Ever wonder about a mix you've seen in the store? Is it any good? Could it replace something you'd otherwise make from scratch? Welcome to Mixed Review, where the whole point is putting mixes to the test! —The Mgmt.


[Photos: Lucy Baker]

A note on the side of Stonewall Kitchen's new Chocolate Doughnut Mix ($8.95) reads: "In minutes, with just a few pantry ingredients, your kitchen could be the most popular doughnut shop in the neighborhood!" With visions of warm, cakey doughnuts dripping with fudgy frosting dancing through my head, I snapped up not only the mix, but also the requisite doughnut baking pan.

20110212-137270-chocolate-doughnut-mix-3.jpgEver since I was little, when my mother would occasionally reward me for good behavior with a trip to the local Honey Dew shop, I've had a weakness for chocolate doughnuts with chocolate frosting—bonus points for sprinkles. I was excited to try Stonewall Kitchen's mix, which seemed simple enough and billed itself as somewhat healthy: "No yeast is added, and the doughnuts are baked not fried... less mess and fat!"

To prepare the doughnuts, I combined the contents of the mix packet with one egg, one stick of melted butter, and 1/2 cup of buttermilk. The resulting mixture was sticky and thick, more like dough than batter. I had to spoon blobs of it into the doughnut pan and then sort of smooth them out with my fingers to form rings.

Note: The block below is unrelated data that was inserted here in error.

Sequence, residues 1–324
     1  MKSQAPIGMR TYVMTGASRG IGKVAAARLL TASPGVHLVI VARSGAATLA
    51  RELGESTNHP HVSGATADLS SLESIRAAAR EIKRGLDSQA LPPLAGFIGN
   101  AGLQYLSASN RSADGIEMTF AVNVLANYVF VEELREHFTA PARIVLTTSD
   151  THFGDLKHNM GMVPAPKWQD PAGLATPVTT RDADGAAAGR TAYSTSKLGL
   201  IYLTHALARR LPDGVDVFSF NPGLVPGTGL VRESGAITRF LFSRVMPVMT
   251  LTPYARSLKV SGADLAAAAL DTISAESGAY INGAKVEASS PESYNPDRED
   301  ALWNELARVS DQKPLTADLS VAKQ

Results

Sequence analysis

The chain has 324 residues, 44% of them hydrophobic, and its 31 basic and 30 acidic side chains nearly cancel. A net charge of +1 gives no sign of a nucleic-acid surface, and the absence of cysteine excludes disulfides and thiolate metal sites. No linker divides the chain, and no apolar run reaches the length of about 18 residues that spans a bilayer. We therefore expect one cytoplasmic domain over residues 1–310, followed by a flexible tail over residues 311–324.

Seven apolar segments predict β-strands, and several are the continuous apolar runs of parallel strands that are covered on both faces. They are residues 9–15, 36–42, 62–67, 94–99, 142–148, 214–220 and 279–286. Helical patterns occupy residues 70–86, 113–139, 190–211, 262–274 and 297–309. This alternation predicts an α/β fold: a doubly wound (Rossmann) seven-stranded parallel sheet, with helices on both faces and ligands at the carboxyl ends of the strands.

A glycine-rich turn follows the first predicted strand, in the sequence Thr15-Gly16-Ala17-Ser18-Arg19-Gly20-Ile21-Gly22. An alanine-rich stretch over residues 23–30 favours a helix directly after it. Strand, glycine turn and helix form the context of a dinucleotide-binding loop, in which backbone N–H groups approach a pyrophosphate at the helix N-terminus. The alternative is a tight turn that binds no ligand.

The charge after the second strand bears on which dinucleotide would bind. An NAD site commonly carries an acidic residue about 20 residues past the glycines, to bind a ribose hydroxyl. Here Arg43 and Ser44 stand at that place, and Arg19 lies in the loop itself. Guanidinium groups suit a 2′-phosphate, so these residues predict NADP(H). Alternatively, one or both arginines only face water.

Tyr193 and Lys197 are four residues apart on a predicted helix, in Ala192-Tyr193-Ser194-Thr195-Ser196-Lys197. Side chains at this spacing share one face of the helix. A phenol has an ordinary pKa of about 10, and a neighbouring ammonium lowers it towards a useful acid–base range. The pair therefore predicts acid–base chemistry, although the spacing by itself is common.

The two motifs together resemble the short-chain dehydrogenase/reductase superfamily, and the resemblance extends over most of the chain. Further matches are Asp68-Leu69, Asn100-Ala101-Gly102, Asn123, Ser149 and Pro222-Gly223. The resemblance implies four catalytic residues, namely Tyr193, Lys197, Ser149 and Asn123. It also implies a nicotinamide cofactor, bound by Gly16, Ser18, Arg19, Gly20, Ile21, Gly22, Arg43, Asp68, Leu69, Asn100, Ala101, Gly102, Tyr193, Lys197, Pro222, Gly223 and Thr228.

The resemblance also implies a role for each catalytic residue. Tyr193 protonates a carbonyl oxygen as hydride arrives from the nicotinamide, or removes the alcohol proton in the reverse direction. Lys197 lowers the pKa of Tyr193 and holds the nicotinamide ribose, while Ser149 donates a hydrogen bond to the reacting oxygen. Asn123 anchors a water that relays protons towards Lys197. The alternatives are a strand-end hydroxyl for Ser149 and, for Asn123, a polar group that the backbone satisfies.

When the doughnuts emerged from the oven, the "tops" were a bit lumpy and misshapen, but the bottoms (which had been pressed into the pan) were smooth and even, and looked just like professional doughnuts. I flipped them all upside-down and set them on a wire rack to cool.

The chocolate frosting was a combination of melted butter, a few tablespoons of milk, and the contents of the "frosting" mix packet. When whisked all together, it had the consistency of pudding. It adhered to the doughnuts beautifully, filling in all the cracks and crannies, dripping enticingly down the sides, and ultimately drying to a semi-firm finish. The texture was similar to the frosting on a really good black and white cookie.


The best thing about the doughnuts was the chocolate flavor. I don't think I've ever had a doughnut so rich, intense, and bittersweet. The cocoa powder in both the doughnut mix and the frosting was obviously top-quality. The texture of the doughnuts was good but not great. Like the best cake doughnuts from a bakery, they had a nice toothsome crumb. The frosting was thick and creamy. It set up nicely on the doughnut and then melted on the tongue. But the doughnuts were also ever-so-slightly dense and just a bit dry. This is a result, I'm sure, of the fact that they were baked and not fried.

In the end, I would recommend the mix with some reservations. Along with the baking pan, it would make a terrific gift for any doughnut lover. Preparing the doughnuts would also be a really fun project for kids. But as my boyfriend said as he dunked one into his coffee, "They're delicious. But they're no Krispy Kreme."


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